- The Washington Times - Tuesday, October 17, 2006

The faculty at Gallaudet University last night overwhelmingly voted that Jane K. Fernandes should resign or be removed as incoming president of the nation’s premier school for the deaf.

At a regularly scheduled meeting of the entire faculty yesterday, 138 faculty members voted that Mrs. Fernandes should step down from the post she is set to take over in January, while 24 members voted against the motion.

The faculty also voted 131-23 that the university’s Board of Trustees hold an emergency meeting to address the issue, which has prompted widespread protests on the Northeast campus this fall.

Immediately after the vote last night, about 300 students continued their protest at the Florida Avenue gate.”We are not going to stop until Jane Fernandes is gone,” said Ryan Giovanni, director of public relations for the student government.

Also, a vote of no confidence against outgoing President I. King Jordan passed 80-60, faculty member Chris Heuer said. The body also voted 133-15 against any reprisals against the student protesters, who took over a campus building Oct. 5 and have been out in force ever since.

“We demand that Jane Fernandes resign or be removed,” said Mr. Heuer, who told reporters of the nonbinding votes taken at the meeting.

The meeting was attended by 221 of the university’s 293 faculty members and teachers.

Foreign-languages professor Mark Weinberg, also chairman of the university’s Faculty Senate, said problems began in 2000, when Mr. Jordan appointed Mrs. Fernandes as provost.

“That was the beginning of a very rocky road” in the selection process, Mr. Weinberg said.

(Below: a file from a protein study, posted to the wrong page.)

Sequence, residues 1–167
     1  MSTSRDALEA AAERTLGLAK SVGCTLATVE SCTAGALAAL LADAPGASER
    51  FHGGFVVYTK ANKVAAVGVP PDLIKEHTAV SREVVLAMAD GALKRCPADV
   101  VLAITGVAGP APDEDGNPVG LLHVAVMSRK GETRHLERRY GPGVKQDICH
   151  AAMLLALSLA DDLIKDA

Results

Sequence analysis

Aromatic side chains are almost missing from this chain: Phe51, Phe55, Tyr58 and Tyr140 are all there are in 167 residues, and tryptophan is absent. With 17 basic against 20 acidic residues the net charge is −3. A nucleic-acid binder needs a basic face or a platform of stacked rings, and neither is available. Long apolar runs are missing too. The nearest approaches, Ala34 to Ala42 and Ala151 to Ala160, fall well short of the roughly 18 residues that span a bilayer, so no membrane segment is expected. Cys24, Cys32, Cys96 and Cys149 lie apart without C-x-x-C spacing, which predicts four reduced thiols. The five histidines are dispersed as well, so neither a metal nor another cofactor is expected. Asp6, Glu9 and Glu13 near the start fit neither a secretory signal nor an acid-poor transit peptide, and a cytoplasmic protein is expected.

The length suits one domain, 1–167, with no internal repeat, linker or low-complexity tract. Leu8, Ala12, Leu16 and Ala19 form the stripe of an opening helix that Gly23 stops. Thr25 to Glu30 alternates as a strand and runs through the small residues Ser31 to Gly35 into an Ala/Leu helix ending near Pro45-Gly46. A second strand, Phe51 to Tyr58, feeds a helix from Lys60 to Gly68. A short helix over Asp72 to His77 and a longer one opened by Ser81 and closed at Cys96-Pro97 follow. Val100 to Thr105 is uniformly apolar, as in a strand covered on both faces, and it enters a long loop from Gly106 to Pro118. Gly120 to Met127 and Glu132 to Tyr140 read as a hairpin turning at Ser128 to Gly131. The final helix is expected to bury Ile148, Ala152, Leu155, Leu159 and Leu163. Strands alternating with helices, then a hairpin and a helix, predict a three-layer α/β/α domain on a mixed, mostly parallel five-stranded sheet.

As for last night’s vote regarding Mrs. Fernandes’ removal, Mr. Weinberg said, “There will be an ongoing instability on campus if she is not removed.”

Earlier yesterday, classes resumed at the Northeast campus, with those protesting Mrs. Fernandes allowing university business to proceed while they still camped out at the main entrance.

Protest leaders were not attempting to block access to the university, partially out of respect for the twice-yearly meeting of the entire faculty yesterday afternoon, said faculty member Diane Morton. The meeting is one of the only times faculty can vote as an entire body.

Protesters are hoping the faculty will officially support them in their demands for Mrs. Fernandes to resign.

“Students are anxious to know if the faculty supports them,” said Mr. Weinberg. He said the protest is not limited to students, even though they are the most visible contingent, but it is campuswide.

The campus was reopened Friday night after protesters had closed the university for three days.

Mr. Jordan authorized campus police to begin arresting protesters who were blocking the entrances. D.C. police took custody of 133 protesters who were arrested and took them to a holding facility, where they paid a $50 fine and were released.

The protests against Mrs. Fernandes and the presidential-search process have garnered national attention, with deaf communities from Fremont, Calif., to Denmark rallying their support for Gallaudet protesters.

On Sunday, the president of the National Association of the Deaf came to the campus to express support for the protesters. She said the protesters should not have been arrested.

In a written statement, Bobbie Beth Scoggins implored the university’s Board of Trustees, who chose Mrs. Fernandes in May, to practice good leadership and address the crisis.

“Proactive and decisive intervention by leaders on the Gallaudet University Board of Trustees is sorely needed,” Miss Scoggins said.

The Board of Trustees issued its own written statement Sunday, asserting its continued support for Mrs. Fernandes.

“All board members have received messages from people suggesting that we could end this apparent impasse by asking Dr. Fernandes to resign,” the statement read. “The board will not do that.”

• This article is based in part on wire service reports.

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